I recently came across a video on LinkedIn which showcased the arduous journey of a celebrity sportsman. The video captured the early struggles, the eventual success and the pitfalls such success brings with it and had all the usual ingredients to inspire. To my surprise, I wasn’t inspired. Instead, it actually dis-empowered me. The Internet is replete with such inspirational videos and stories. Reams of paper have been written on the successes of people across the world. Yet, there is very little evidence to support the claim that they actually do what they are meant to. My explorations within have been revealing. Here’s why I think they don’t work.
Looking out for ‘Red’
I was once attending a leadership workshop where the Coach initiated a game with all the participants. He called it ‘ Looking for the Red’. Every participant was to find as many shades of the colour Red in the room in one minute. At the end of the allotted time, he asked as to how many shades of the colour Red had we found. When everyone had finished answering, he asked whether any one of us had found a green, a Blue or a Yellow. Barring an odd participant, none of us had. What does that tell you about the human brain? If you go looking for Red, you will only find Red. Well, this doesn’t seem very helpful in the context of the issue being discussed here. Right? Not really. When the human brain receives information which is extraordinary, the first impulse is one of disbelief. Remember the times when a friend disclosed that they had won a lottery, met someone famous on a flight or had encountered a ghost or spirit. What’s the usual refrain? No way, Are you kidding me or what, etc etc. Then, we usually launch ourselves into a bit of fact finding which is done by daring the person making the declaration. We demand proof in our own colloquial ways. That’s exactly what happens, albeit sub-consciously, when we see these inspirational videos. The brain negates the information and starts to ‘look for the Red’. Not surprisingly, the brain manages to find a lot of Red (reasons for success) which range from genetic superiority to luck and chance and sometimes destiny. In this particular case, the video showed the celebrity belonging to a family whose members were accomplished in the sport he eventually made his name in. Ah, that’s why he succeeded. That’s the ‘Red’ the brain was looking for.
Threshold for action/inaction
Almost all theories on motivation talk of the incremental model. Most new year resolutions fail not only because they are made under the influence of alcohol but also because they usually are too ambitious. For someone who hasn’t moved off his or her bed in a lifetime, making a resolution to run a marathon before the year ends is a surefire recipe for failure. Instead, breaking this down into achievable goals like a short and vigorous walk the first month followed by a jog and then a 5 k run and so on may have greater chances of success. The same is true for such videos which unveil the journey from ‘zero’ to ‘hero’ in a matter of seconds or minutes at best 9the actual journey takes a lifetime). While the limitations of the medium are known, because the achievement of the celebrity seems so daunting, the viewer gives up even before he/she can contemplate action.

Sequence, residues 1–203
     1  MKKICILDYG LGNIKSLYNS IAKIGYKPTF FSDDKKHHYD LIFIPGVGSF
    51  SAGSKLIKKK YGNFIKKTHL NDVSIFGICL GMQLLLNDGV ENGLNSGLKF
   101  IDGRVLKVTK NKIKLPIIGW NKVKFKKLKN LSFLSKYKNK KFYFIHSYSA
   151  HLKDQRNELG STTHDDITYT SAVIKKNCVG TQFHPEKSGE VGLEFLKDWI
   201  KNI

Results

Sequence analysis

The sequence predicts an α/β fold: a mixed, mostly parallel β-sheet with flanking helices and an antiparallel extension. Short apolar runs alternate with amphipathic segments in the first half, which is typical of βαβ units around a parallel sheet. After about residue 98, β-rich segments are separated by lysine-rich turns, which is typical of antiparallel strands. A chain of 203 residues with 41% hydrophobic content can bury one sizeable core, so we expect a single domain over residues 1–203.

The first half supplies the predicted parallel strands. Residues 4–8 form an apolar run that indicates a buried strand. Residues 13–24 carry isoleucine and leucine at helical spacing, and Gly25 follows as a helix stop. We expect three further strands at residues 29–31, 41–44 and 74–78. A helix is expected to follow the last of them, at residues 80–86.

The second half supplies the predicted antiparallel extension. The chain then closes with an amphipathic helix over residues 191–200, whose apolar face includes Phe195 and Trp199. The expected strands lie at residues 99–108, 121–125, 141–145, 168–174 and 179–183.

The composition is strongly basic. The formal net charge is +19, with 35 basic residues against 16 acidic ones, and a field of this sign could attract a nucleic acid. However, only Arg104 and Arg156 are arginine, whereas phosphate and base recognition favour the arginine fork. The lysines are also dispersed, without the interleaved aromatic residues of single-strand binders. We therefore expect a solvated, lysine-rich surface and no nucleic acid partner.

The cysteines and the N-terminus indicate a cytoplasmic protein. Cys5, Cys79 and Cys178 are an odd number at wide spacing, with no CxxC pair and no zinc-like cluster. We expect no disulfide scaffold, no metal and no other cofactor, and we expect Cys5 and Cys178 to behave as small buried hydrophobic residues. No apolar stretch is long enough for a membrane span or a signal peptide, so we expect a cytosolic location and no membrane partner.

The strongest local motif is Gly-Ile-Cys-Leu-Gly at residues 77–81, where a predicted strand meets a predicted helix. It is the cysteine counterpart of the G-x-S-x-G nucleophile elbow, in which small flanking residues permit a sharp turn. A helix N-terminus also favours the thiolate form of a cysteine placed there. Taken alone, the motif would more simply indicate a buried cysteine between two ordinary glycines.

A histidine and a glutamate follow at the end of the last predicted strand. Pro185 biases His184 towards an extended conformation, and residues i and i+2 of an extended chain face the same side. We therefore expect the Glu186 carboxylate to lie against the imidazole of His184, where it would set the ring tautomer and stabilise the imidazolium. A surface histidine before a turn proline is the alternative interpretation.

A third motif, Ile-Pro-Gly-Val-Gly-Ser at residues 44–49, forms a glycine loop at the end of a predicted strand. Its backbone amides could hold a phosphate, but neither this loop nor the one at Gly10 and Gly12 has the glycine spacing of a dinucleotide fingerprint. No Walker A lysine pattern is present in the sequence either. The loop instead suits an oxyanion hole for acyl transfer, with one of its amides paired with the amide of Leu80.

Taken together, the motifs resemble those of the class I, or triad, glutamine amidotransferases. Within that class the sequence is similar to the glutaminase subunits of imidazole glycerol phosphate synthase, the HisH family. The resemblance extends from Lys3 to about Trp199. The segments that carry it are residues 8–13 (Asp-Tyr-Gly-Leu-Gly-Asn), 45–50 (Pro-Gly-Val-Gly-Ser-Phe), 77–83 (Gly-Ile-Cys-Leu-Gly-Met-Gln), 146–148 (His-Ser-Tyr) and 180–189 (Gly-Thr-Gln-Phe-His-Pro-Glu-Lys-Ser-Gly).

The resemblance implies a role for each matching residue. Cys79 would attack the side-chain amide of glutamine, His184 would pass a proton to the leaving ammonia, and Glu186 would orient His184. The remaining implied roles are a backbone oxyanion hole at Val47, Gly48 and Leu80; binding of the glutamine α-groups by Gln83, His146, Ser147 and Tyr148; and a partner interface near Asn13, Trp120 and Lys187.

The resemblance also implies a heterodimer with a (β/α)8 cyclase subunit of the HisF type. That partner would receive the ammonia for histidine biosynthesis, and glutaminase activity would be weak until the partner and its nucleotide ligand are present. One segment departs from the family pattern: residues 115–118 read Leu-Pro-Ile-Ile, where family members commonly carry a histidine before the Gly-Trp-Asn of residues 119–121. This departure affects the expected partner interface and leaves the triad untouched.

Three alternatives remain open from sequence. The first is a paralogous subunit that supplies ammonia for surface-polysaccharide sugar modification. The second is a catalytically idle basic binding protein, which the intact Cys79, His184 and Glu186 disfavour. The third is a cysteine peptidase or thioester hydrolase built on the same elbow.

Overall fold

This is a debatable factor and I know I am on thin ice. However, its important to bring this up. As is the case elsewhere, context is important. As we move into an era of targeted advertising, a one size fits all approach may not work. While a sports celebrity’s life journey may inspire an athlete, it may not work for someone starting a business or trying to crack the GMAT, despite the fact that the basic ingredients for success remain the same. That’s where our brain plays games and starts to look for the ‘Red’. There is also an element of ‘Where you are’ in your journey which plays a critical role. If you have embarked upon a mission to scale Mt Everest and are just starting out, an inspirational video of successful attempts at the summit may not be as inspiring as videos showing the initial phases of the climb and the problems successfully overcome.
Motivation, some may argue, almost always comes from within. While external influences do have an impact, the real catalyst lies within. The quarrel I have with celebrity inspirational videos is that they demand ‘too much too soon’ from an individual and provide the brain an opportunity to go looking for the ‘Red’. I am not suggesting that such videos or writings are completely ineffective. Its just that they could be more effective if they are contextual to the target audience, provide a connect and do not raise the threshold for action to such a level that instead of spurring action, they lull the viewer into inaction due to the sheer enormity and scale of the success depicted. Stories of an Olympian, a world famous cricketer or a film star make for good reading but often just that. The realm of action requires a different(iated) approach.
I would love to hear your views.